You will need a CLIA certificate for each location where you perform testing unless you qualify for one of the exceptions listed below.

** Laboratories that are not at a fixed location; that is, laboratories that move from testing site to testing site, such as mobile units providing laboratory testing, health screening fairs, or other temporary testing locations may be covered under the certificate of the designated primary site or home base, using its address.

** Not-for-profit or Federal, State or local government laboratories that engage in limited public health testing, may file a single application. 

** Laboratories within a hospital that are located at contiguous buildings on the same campus and under common direction may file a single application for the laboratory sites within the same physical location or street address.

Contact your State Agency if you have questions or you are filing a single application for more than one testing site.

You can obtain more information concerning the amount of certificate fees from the CMS CLIA website under “CLIA Certificate Fee Schedule” or from your State Agency. For information concerning compliance (survey) fees, you may contact your State Agency or accreditation organization. These fees are based on the number and types of testing you perform and must cover the cost of the CLIA program because CLIA is entirely user fee funded.

WILL I RECEIVE AN IDENTIFYING CLIA NUMBER?

You will receive a ten-digit number on the CLIA certificate. This number will be utilized to identify and track your laboratory throughout its entire history. You should use this number when making inquiries to the State Agency and CMS about your laboratory.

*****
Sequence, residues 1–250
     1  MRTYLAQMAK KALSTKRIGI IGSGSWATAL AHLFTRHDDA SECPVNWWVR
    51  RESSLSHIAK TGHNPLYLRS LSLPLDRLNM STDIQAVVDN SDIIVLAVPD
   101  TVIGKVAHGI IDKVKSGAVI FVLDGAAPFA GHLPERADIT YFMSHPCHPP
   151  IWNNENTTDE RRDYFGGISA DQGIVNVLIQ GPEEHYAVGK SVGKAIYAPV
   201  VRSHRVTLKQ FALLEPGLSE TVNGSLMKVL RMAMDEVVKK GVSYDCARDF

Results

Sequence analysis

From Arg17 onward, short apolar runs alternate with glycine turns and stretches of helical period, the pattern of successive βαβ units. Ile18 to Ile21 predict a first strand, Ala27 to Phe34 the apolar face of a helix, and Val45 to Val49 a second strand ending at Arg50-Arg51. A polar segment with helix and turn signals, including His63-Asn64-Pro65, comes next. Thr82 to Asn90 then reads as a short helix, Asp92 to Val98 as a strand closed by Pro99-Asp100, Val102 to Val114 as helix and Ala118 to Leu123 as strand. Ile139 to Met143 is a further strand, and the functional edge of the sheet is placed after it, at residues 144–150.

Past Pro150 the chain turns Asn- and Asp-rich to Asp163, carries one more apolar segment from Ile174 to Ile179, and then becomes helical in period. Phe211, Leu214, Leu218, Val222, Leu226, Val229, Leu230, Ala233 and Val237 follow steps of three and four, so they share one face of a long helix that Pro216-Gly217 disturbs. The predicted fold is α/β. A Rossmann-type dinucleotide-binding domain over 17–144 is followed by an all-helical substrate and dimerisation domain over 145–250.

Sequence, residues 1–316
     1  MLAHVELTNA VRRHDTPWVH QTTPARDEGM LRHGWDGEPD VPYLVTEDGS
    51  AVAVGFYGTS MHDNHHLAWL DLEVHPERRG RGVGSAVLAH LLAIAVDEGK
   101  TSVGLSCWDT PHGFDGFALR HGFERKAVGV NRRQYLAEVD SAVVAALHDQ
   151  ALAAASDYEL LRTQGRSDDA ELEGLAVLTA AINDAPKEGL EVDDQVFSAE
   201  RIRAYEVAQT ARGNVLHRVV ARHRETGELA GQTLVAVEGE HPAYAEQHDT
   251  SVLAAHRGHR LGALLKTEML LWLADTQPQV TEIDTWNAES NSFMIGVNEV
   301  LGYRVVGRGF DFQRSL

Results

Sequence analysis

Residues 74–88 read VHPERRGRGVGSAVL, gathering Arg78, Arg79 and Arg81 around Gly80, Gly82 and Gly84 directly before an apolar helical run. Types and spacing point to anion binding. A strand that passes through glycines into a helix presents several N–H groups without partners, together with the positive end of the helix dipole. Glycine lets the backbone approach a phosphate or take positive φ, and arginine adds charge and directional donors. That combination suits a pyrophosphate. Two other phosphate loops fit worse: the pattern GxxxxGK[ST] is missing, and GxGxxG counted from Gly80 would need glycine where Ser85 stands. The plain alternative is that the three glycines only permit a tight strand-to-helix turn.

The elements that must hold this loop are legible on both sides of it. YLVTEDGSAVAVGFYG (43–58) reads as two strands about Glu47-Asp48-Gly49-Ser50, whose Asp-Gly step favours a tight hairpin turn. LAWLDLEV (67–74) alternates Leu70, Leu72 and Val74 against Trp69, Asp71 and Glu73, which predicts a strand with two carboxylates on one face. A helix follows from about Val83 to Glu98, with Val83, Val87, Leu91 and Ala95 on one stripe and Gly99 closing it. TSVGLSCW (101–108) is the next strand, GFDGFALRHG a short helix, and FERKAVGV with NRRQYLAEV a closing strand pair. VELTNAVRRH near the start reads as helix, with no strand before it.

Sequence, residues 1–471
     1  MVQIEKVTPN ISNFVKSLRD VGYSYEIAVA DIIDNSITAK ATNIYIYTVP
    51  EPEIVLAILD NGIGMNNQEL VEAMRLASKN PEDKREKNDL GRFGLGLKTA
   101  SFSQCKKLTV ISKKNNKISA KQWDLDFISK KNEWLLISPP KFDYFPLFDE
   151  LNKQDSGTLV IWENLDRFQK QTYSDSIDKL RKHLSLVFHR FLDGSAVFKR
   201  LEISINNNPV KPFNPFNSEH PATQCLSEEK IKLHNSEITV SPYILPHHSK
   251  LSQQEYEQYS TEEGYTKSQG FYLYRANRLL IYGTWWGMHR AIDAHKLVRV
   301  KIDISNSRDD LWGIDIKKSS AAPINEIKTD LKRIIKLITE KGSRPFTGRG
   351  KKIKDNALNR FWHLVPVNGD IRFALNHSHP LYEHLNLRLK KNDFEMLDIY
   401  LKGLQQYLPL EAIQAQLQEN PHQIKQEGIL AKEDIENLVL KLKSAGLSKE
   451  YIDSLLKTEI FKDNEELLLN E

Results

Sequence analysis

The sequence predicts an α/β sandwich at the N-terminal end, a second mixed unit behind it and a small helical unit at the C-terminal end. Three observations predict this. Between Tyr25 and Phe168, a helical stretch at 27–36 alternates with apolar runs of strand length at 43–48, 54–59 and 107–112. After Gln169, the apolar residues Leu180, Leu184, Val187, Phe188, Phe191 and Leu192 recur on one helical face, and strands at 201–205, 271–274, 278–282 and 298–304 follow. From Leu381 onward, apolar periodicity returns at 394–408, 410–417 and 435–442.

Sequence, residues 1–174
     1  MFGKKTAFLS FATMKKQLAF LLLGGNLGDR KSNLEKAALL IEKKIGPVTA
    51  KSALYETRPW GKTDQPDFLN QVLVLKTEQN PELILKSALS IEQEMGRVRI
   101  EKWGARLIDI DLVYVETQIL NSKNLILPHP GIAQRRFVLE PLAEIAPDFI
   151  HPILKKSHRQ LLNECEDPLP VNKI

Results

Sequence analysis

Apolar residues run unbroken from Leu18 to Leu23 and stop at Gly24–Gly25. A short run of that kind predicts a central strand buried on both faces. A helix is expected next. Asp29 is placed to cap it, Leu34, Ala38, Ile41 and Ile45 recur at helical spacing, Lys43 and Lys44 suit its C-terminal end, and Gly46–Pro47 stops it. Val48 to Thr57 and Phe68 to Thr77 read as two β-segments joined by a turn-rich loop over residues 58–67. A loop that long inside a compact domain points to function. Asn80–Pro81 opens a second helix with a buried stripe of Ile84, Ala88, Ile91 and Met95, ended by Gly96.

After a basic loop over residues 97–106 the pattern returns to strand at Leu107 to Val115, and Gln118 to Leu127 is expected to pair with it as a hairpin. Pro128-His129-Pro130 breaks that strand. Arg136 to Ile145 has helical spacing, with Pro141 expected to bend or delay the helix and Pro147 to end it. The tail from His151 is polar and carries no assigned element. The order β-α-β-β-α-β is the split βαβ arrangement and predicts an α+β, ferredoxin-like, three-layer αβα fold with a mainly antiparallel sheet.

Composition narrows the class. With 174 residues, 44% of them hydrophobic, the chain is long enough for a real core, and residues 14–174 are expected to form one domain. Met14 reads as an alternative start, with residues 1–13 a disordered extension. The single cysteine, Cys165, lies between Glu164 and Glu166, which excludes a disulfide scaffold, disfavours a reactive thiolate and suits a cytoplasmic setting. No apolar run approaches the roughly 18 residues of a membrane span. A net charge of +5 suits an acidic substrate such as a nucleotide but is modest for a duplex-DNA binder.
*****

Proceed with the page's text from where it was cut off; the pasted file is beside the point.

WHEN CAN I BEGIN TESTING?

After you apply for your certificate, you will receive a coupon notifying you of the corresponding fee. Follow the instructions on the fee coupon for payment. After CMS receives your payment, your certificate will be mailed to you. You may begin testing once you have received your certificate containing your CLIA number. However, you need to check with your State Agency since some states have additional requirements.

DO I NEED TO NOTIFY ANYONE IF I MAKE ANY CHANGES IN MY LABORATORY?

For all types of CLIA certification, you must notify the State Agency or your accreditation organization within 30 days of any changes in:

** Ownership

** Name

** Location

** Director

** Technical supervisor (for high complexity testing only) If you perform only waived tests and wish to add PPM procedures or other nonwaived (moderate or high complexity) testing to your menu, you must reapply for the appropriate certificate using the same form (Form CMS-116) you used for your initial CLIA certification. However, you cannot begin nonwaived testing until you have paid the appropriate fee, and have received the appropriate certificate.